I agree with knelson that an economic argument against the suit isn't all that compelling. It may have been one reason that it was banned for the elites but I do not think it was even close to the main one. I think it was because the nature of the suit was becoming a dominating (or at least "very significant") factor in times and races. Whenever someone did an eye-popping swim, the first question was always and immediately "what suit?"

It made me pine for the days of good old-fashioned doping scandals. (Just kidding.)

Certainly people have different situations wrt ability to devote time to training. With some notable exceptions (think Dara Torres) I don't believe it is usually strictly economic but commitments like family and job; they aren't always quite the same thing. Some people have no children and flexible hours for work; others have a number of school-age children and/or heavy work commitments or travel time.

You may be an exception, but I don't think it is universally true that freeing up (say) 3-4 hours in the day will mean that a typical masters swimmer will spend that time training or getting massages. And many swimmers don't have too much time and go to some trouble to carve out their training time. It isn't unusual for me to be lifting weights after 10pm, after ferrying my son around, helping him with schoolwork, fixing him dinner, putting him to bed, and waiting for my wife to get home from work (she puts in late hours). Sometimes I'm up at 3am, working -- usually grading -- and still go to morning practice. (I'm a fan of Warren Zevon: I'll sleep when I'm dead.)

I have no problem if person X swims a lot faster because s/he is training longer/harder/smarter. Hasn't that always been the case in swimming? Doesn't it make sense? Effort and training savvy SHOULD be rewarded with superior performances.

But getting faster because of a purchase...eh, I don't really see much connection to one's talent or dedication. I guess you have to be dedicated enough to forego whatever else you would have bought with that money.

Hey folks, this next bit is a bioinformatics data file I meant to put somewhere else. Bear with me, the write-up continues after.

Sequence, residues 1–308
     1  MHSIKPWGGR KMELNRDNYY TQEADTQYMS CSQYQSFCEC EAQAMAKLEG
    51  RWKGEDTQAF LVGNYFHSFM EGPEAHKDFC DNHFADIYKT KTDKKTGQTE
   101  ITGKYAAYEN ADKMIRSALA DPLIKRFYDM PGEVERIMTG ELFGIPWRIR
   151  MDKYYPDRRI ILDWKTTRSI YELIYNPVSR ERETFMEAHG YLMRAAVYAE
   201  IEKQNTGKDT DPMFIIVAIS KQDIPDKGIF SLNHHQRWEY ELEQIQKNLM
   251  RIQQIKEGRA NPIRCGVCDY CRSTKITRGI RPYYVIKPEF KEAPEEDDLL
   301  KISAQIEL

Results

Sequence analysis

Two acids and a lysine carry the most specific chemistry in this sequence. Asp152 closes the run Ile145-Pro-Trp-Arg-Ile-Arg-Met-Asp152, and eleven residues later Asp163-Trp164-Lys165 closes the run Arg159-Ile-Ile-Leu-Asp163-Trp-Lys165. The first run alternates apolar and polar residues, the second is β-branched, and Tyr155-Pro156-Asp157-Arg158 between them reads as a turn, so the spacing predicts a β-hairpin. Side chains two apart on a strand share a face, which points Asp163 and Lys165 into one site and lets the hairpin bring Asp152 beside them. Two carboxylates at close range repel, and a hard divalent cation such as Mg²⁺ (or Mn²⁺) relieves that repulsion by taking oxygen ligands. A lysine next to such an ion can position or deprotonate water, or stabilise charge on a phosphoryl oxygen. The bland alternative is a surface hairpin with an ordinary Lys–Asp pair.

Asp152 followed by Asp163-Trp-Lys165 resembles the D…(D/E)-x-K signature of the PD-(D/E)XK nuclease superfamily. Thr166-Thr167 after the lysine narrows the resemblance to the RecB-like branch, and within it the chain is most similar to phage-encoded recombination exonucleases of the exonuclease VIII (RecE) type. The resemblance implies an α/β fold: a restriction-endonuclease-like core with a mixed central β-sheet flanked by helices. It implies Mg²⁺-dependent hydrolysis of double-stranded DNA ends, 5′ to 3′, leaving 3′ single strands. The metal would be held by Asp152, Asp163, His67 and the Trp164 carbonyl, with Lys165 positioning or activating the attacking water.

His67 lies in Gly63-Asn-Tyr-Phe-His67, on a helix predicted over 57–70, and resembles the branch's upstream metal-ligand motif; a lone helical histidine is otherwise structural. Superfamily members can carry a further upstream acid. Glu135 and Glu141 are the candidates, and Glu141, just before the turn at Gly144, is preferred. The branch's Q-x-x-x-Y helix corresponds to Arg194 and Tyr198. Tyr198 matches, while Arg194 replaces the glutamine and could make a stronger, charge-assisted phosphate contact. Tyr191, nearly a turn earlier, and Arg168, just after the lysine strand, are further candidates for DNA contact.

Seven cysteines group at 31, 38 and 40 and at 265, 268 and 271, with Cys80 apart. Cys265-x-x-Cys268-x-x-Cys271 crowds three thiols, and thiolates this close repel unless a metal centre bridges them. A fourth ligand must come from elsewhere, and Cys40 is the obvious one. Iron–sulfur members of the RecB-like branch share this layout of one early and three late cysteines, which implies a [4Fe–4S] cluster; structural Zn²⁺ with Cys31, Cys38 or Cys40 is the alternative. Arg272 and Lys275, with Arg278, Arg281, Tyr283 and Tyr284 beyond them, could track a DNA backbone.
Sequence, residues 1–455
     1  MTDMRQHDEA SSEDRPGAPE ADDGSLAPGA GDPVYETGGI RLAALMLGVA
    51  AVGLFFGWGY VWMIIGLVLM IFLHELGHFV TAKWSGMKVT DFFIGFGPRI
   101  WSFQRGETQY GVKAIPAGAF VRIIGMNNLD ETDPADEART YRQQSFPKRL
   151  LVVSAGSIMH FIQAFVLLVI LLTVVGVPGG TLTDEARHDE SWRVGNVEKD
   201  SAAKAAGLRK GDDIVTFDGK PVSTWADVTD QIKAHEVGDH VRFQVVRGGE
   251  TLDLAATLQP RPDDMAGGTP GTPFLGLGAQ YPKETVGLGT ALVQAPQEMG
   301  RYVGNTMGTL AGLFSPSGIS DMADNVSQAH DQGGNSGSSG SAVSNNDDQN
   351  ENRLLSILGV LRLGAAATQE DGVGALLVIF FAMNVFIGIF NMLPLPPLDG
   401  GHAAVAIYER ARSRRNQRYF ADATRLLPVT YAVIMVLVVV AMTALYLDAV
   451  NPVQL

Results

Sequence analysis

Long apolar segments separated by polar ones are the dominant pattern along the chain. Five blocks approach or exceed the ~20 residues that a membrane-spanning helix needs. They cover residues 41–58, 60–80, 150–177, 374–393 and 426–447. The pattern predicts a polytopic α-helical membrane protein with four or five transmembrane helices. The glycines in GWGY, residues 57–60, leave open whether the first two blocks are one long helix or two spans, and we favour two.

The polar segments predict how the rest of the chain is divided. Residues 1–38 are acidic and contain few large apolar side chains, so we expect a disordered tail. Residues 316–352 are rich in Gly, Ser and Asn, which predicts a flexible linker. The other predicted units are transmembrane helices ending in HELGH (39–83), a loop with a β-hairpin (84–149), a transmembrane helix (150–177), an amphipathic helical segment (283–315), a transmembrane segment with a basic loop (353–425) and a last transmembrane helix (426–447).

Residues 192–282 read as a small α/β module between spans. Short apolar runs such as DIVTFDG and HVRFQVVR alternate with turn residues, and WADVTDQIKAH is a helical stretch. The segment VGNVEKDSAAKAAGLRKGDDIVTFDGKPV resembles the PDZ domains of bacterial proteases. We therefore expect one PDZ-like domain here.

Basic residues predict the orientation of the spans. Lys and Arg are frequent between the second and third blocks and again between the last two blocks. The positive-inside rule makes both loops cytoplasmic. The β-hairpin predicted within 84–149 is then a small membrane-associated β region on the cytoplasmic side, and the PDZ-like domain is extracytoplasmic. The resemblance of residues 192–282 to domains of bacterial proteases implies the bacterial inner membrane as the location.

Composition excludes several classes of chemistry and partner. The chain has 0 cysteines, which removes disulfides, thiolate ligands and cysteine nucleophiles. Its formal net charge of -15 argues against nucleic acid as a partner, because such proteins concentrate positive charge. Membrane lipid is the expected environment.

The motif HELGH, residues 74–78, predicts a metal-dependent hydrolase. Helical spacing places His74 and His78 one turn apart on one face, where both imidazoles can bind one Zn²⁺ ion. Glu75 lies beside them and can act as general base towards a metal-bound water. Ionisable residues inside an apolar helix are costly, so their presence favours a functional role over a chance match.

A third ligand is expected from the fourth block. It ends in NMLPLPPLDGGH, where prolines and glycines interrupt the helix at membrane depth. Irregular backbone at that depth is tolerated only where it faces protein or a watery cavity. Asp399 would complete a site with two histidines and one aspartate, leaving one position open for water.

jim clemmons
November 3rd, 2009, 07:35 PM
One of the compelling arguments against the suits is that they cost too much and thus give a competitive advantage to swimmers who are economically blessed.

By the way, I think both ideas - a ban on suits or a training limit - are stupid beyond belief.


I guess that's an argument, but not very compelling.

I believe "too much" is a relative term and not likely to be of valid use in an argument since some (me included) are more than willing to pay that kind of money for one or more tech suits. I, in no way, feel that paying 300 bucks or thereabout for a suit puts me in the "economically blessed" category.

Now, if you want to state something to the tune of "more costly than a brief or jammer", then I might tag along.

james lucas
November 3rd, 2009, 08:27 PM
I guess my problem is that the only compelling argument that I can see for the suit ban is the economic argument - and I think this argument is weak.

Granted, the new suits made a difference in the new records. But by the same token, the "new" starting blocks made a difference in years past, and no one cared because we all use the same blocks. Similarly, the "new" breast stroke rules meant faster times - but no one objected because everyone had the same rules. I would prefer we go back to old-school backstroke turns, for aesthetic reasons of course (that, and the fact that my poorly executed "new" turns may actually cost me time rather than saving time).